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Genomic analyses, gene expression and antigenic profile of the trans-sialidase superfamily of Trypanosoma cruzi reveal an undetected level of complexity.

Freitas LM, dos Santos SL, Rodrigues-Luiz GF, Mendes TA, Rodrigues TS, Gazzinelli RT, Teixeira SM, Fujiwara RT, Bartholomeu DC - PLoS ONE (2011)

Bottom Line: We demonstrated that all seven groups represented in the array are antigenic.A highly reactive peptide occurs in sixty TcS proteins including members of two new groups and may contribute to the known cross-reactivity of T. cruzi epitopes during infection.Taken together, our results contribute to a better understanding of the real complexity of the TcS family and open new avenues for investigating novel roles of this family during T. cruzi infection.

View Article: PubMed Central - PubMed

Affiliation: Departamento de Parasitologia, Universidade Federal de Minas Gerais, Belo Horizonte, Brazil.

ABSTRACT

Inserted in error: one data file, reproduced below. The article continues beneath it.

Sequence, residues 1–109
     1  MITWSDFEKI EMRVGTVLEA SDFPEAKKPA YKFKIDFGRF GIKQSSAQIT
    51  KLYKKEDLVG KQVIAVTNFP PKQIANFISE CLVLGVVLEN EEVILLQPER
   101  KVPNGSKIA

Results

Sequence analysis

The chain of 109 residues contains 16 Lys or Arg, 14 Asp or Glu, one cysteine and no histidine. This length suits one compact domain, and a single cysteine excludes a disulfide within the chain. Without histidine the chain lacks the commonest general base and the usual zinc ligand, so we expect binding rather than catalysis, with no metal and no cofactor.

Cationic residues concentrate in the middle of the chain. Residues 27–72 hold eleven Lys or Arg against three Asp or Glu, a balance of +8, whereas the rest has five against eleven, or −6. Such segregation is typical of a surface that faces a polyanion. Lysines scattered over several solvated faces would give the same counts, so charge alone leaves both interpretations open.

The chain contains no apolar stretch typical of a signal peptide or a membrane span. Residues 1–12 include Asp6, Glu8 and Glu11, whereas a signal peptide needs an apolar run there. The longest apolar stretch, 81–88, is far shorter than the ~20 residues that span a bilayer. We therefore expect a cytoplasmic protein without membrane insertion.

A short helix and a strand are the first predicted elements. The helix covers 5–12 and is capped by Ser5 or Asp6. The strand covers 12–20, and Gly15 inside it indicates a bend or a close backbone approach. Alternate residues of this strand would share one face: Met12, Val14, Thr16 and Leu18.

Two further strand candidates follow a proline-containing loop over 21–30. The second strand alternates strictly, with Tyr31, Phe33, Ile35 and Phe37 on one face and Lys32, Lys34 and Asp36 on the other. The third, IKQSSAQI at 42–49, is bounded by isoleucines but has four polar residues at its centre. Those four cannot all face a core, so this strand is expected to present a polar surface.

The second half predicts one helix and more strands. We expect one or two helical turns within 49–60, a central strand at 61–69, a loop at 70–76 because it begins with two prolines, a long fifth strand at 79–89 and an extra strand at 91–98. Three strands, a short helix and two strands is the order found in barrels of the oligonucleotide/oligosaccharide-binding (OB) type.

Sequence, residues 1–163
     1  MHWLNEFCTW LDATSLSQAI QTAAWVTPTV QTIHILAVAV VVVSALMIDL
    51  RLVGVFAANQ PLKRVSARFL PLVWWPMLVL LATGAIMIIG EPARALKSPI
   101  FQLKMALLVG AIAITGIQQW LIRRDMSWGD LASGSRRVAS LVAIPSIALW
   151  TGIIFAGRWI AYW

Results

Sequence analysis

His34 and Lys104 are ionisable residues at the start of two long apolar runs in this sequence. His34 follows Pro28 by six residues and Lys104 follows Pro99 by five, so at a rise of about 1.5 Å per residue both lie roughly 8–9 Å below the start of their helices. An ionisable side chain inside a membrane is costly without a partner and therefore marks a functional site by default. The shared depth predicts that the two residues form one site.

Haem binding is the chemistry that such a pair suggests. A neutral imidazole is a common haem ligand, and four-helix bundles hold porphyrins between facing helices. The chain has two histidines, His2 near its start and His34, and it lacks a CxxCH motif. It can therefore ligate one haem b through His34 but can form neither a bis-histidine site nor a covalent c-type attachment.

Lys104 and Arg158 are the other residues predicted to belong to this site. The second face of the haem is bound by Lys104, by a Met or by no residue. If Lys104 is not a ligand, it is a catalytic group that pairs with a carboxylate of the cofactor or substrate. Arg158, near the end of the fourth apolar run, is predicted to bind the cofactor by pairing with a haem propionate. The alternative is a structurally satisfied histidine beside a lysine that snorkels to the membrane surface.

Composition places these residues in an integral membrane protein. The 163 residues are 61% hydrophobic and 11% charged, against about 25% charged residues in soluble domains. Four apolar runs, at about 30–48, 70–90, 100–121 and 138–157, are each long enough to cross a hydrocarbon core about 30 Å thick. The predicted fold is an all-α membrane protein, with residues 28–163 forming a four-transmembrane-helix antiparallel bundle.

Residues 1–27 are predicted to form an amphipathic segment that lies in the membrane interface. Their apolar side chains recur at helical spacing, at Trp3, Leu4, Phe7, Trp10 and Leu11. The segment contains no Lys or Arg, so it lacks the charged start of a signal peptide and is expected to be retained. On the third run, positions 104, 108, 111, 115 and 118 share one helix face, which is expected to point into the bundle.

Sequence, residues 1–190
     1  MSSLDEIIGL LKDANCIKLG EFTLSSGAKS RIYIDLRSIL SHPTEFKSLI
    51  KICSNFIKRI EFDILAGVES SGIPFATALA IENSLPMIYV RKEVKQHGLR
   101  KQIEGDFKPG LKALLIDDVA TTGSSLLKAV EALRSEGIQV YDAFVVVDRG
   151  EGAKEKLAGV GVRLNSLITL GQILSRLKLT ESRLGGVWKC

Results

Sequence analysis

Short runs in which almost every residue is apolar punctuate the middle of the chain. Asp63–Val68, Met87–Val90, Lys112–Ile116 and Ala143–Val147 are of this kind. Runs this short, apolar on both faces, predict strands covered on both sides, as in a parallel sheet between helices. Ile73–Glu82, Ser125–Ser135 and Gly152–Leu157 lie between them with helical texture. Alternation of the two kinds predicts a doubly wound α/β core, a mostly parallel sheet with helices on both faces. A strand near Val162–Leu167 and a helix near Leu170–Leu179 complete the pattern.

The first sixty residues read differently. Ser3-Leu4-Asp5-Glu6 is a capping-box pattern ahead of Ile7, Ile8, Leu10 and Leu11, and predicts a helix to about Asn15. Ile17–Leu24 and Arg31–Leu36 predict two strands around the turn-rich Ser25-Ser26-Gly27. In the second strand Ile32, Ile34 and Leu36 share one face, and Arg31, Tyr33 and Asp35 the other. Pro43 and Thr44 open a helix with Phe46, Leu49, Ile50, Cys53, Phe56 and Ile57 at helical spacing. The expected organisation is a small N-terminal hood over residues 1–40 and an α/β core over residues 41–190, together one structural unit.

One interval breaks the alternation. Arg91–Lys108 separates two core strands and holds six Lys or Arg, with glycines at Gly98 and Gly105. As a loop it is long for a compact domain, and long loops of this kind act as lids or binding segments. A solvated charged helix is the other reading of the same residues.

The protozoan parasite Trypanosoma cruzi is the etiologic agent of Chagas disease, a highly debilitating human pathology that affects millions of people in the Americas. The sequencing of this parasite's genome reveals that trans-sialidase/trans-sialidase-like (TcS), a polymorphic protein family known to be involved in several aspects of T. cruzi biology, is the largest T. cruzi gene family, encoding more than 1,400 genes. Despite the fact that four TcS groups are well characterized and only one of the groups contains active trans-sialidases, all members of the family are annotated in the T. cruzi genome database as trans-sialidase. After performing sequence clustering analysis with all TcS complete genes, we identified four additional groups, demonstrating that the TcS family is even more heterogeneous than previously thought. Interestingly, members of distinct TcS groups show distinctive patterns of chromosome localization. Members of the TcSgroupII, which harbor proteins involved in host cell attachment/invasion, are preferentially located in subtelomeric regions, whereas members of the largest and new TcSgroupV have internal chromosomal locations. Real-time RT-PCR confirms the expression of genes derived from new groups and shows that the pattern of expression is not similar within and between groups. We also performed B-cell epitope prediction on the family and constructed a TcS specific peptide array, which was screened with sera from T. cruzi-infected mice. We demonstrated that all seven groups represented in the array are antigenic. A highly reactive peptide occurs in sixty TcS proteins including members of two new groups and may contribute to the known cross-reactivity of T. cruzi epitopes during infection. Taken together, our results contribute to a better understanding of the real complexity of the TcS family and open new avenues for investigating novel roles of this family during T. cruzi infection.